Among adults of all ages and older adults, lower kidney function is associated with worse cognitive function.1−5 However, even with restoration of kidney function, cognitive impairment affects up to 58% of kidney transplant (KT) recipients of all ages.6 Transplant recipients, in particular, rely on intact cognitive function to maintain overall health. They must adhere to complex medication regimens and manage outpatient clinic visits and tests; lack of such adherence is a major contributor to graft loss and other adverse KT outcomes.7,8 To date, studies that have compared cognitive performance measures pre- and post-KT have been smaller, been cross-sectional, and/or lacked longer-term repeated measures of cognitive function; however, they collectively suggest that cognitive function improves from baseline levels up to 1 year after successful KT.3,9−14 Cognitive trajectories beyond 1 year are understudied, but they are critical to understanding the balance between restoration of kidney function and aging. As KT recipients age and live longer with a functioning graft,15 it is unclear whether they experience a decline in cognitive function as observed among older adults.16−19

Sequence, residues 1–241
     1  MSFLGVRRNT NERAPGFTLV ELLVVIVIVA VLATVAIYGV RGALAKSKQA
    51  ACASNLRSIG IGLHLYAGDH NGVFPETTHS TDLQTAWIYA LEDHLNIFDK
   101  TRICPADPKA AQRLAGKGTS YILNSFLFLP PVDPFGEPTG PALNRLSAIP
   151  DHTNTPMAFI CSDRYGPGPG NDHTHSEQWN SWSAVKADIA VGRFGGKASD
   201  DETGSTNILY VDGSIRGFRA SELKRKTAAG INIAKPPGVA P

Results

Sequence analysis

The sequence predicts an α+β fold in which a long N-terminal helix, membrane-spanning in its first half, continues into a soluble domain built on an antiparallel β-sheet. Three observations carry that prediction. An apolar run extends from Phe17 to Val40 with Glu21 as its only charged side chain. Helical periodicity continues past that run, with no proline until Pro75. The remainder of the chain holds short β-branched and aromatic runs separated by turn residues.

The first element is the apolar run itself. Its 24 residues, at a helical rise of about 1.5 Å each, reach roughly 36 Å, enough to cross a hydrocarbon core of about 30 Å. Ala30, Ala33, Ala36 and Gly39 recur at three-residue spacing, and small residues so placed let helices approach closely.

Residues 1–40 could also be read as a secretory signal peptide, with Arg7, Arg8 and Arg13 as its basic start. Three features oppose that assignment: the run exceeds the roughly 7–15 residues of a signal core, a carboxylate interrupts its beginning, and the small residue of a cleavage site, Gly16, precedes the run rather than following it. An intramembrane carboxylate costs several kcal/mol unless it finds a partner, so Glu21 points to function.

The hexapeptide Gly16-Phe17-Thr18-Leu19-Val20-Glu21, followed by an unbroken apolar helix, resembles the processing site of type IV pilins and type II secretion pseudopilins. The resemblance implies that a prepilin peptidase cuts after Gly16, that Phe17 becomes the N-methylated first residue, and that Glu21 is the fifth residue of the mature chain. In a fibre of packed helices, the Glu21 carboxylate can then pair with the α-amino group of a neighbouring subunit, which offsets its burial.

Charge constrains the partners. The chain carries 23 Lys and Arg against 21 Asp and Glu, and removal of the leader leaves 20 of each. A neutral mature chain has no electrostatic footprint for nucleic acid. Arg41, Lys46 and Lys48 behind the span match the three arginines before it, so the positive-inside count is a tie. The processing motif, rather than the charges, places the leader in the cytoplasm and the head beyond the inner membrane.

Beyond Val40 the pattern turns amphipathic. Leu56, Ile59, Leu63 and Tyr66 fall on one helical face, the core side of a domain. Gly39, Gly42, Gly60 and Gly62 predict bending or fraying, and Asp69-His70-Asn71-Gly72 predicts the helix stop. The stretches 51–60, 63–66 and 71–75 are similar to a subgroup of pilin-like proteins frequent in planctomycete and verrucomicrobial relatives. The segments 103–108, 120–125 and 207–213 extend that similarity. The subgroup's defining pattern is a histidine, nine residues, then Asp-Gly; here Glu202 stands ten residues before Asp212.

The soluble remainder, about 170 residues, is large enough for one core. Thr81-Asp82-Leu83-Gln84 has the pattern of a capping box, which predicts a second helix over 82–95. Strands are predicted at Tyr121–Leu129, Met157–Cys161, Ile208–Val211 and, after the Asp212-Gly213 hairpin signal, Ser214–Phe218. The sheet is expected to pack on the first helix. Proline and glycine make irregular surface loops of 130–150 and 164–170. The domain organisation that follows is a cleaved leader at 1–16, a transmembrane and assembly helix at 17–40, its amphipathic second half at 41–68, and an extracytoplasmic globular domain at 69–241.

Frailty, a syndrome conceptualized as the body’s inability to respond efficiently to chronic and acute stressors, is distinct from but related to disability, comorbidity, and cognitive impairment,20−27 and it is most widely measured using the physical frailty phenotype (PFP),28 which was initially described by Fried et al.25 among community-dwelling older adults.27 In studies of older adults, frailty is associated with worse cognitive function.23,24 The PFP has since been shown to be an important predictor of adverse outcomes in ESRD and KT populations.29−33 It occurs in approximately 20% of KT recipients of all ages,34 and it has been identified as a key risk factor for poor health outcomes, including quality of life, delirium, delayed graft function, hospital length of stay, early hospital readmission, mycophenolate mofetil intolerance, and mortality.30,31,34−38 One suggested pathway linking frailty to adverse health outcomes is through behavioral and medical care changes affected by poor cognitive function; however, among KT recipients, it remains unclear whether frailty is analogously associated with worse cognitive performance as observed among patients of all ages initiating hemodialysis35 and older adults generally.23,25 Additionally, the association between pre-KT frailty and post-KT cognitive trajectory in the short term and beyond 1 year is unknown. Specifically, it remains unclear whether frail recipients, with higher susceptibility to surgical stressors, experience the same post-KT improvements in cognitive function that have been found among KT recipients generally9−14 and whether they experience cognitive decline observed with aging.16−19 It is likely that, in facing stressors introduced from surgery and consumption of immunosuppressive medications post-KT, frail recipients experience short-term mitigated improvements and possible cognitive decline as they age with a functioning graft compared with nonfrail recipients.